OFS multicore fiber enables transmission of 120 Gb/s over 100 meters

By Telecom Lead Team: OFS, a manufacturer and supplier of
fiber optic network products, announced a world record transmission of 120 Gb/s
over 100 meters across a single strand of multimode fiber.

 

The demonstration was enabled by a seven-core
laser-optimized multimode fiber made with OFS LaserWave fiber technology
interfaced with transceivers from IBM Research, using VCSELs and photodiodes
from EMCORE.

 

According to a press release, it exceeded both the
previous transmission length record by 60 meters and the previous data rate
record by 50 percent.

 

With advanced light sources such as the EMCORE custom
arrays, systems designers will be able to achieve the extremely high
transmission speeds predicted for future networks while increasing cable
density with the opportunity for reducing packaging costs,” said Durgesh S
Vaidya, senior manager of R&D at OFS.

 

The OFS fiber, according to a press release, consists of
seven graded-index multimode cores in a hexagonal array. Each of the six outer
cores transmits at 20 Gb/s over 100 meters using EMCORE two-dimensional arrays
of vertical-cavity surface-emitting lasers (VCSELs) and vertically illuminated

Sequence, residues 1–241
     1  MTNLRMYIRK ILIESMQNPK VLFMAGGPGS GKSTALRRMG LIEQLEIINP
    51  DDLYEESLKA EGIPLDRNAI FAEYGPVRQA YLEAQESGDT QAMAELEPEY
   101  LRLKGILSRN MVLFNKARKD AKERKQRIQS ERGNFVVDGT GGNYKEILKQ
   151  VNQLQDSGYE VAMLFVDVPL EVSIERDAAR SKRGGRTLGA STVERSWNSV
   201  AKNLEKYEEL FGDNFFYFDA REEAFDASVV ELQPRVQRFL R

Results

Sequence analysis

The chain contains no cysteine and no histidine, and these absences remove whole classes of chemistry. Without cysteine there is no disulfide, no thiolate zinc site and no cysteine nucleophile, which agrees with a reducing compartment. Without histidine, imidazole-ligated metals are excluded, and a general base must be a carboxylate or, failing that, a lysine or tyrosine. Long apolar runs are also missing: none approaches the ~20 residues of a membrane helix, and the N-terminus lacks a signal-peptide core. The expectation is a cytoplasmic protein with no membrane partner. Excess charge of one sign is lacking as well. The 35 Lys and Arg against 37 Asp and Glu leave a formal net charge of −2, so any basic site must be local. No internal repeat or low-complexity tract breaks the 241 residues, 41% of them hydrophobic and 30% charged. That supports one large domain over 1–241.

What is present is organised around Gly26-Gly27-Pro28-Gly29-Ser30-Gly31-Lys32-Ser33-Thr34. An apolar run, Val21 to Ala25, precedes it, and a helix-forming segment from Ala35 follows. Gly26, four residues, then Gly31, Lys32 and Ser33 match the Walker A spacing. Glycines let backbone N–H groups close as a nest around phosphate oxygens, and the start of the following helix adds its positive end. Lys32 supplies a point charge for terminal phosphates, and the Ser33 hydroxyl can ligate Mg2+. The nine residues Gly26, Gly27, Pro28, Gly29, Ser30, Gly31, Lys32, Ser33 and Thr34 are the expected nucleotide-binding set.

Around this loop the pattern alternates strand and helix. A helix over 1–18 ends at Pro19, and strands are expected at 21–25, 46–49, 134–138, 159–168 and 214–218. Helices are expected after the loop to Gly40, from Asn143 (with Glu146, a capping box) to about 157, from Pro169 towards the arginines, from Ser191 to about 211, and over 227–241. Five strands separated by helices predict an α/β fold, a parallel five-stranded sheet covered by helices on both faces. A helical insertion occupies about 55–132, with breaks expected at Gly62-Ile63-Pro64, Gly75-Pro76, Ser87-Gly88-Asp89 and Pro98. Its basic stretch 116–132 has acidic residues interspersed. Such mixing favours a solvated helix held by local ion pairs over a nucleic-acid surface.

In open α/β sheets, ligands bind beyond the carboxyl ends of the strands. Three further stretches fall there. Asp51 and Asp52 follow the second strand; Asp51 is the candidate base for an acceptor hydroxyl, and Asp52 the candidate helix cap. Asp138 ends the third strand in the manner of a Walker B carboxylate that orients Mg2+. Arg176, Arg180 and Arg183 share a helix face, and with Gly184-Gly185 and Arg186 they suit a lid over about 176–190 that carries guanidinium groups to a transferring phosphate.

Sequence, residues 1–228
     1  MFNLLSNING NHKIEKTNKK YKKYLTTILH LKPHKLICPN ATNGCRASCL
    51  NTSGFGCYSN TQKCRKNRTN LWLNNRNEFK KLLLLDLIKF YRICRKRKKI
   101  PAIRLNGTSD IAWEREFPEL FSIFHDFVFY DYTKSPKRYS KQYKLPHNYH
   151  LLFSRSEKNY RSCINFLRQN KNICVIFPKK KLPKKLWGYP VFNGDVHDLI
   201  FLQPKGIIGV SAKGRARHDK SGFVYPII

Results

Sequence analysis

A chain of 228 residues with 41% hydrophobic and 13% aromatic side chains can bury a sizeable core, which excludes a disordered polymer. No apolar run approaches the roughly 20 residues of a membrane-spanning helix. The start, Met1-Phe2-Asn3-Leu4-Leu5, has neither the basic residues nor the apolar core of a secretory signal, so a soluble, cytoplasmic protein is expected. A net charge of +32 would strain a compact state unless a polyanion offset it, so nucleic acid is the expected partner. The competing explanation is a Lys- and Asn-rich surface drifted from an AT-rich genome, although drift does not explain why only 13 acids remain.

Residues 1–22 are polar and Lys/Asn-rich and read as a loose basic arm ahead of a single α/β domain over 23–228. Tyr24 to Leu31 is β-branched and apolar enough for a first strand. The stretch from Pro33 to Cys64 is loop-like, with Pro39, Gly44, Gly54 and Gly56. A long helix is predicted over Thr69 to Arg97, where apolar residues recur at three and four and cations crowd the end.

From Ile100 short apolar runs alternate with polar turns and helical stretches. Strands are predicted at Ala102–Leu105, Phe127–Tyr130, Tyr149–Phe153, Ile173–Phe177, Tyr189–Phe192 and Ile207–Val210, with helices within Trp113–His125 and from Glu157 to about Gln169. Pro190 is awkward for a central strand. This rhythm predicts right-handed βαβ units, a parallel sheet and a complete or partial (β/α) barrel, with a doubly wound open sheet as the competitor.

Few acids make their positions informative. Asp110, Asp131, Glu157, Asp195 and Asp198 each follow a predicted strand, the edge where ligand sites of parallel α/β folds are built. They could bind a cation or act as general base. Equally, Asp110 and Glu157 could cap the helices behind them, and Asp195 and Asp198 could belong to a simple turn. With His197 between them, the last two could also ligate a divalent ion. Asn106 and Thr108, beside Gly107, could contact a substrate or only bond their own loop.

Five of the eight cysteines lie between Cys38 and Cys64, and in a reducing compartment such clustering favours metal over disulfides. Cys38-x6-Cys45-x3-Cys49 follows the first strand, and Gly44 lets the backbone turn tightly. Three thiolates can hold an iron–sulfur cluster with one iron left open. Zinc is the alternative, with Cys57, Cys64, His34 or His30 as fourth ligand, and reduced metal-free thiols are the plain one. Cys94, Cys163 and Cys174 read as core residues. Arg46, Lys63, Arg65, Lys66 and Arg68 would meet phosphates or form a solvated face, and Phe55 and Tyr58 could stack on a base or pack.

photodiodes, fabricated, in a commercial process, with a geometry corresponding
to the outer six cores of the fiber.

 

The fiber’s 26 micrometers core size is directly compatible
with the photodiodes needed for 25 Gb/s (20 – 30 micrometers diameter).
The 20 Gb/s VCSELs were flipped chip packaged on an IBM-designed transceiver
package with 130 nm CMOS ICs, and the full link was characterized by IBM
Research with all six channels running error-free simultaneously.

 

OFS believes the additional bandwidth density provided by
the multicore fiber link over standard multimode links will help to enable
efficient next-generation high-performance computers and datacenters, while the
larger core sizes compared to single-mode fiber solutions serve to help keep
packaging costs sustainable.

 

The expected increase in demand for optical fiber cable
in these applications will result in significant network design challenges.
While bandwidth requirements continue to grow, network managers face
considerable constraints on power and cost budgets.

 

Increasing the bandwidth available on each fiber is a
critical step in developing optical interconnects for future networks, not only
for high-performance computing but also for data centers, another key growth
market for optical fiber.

 

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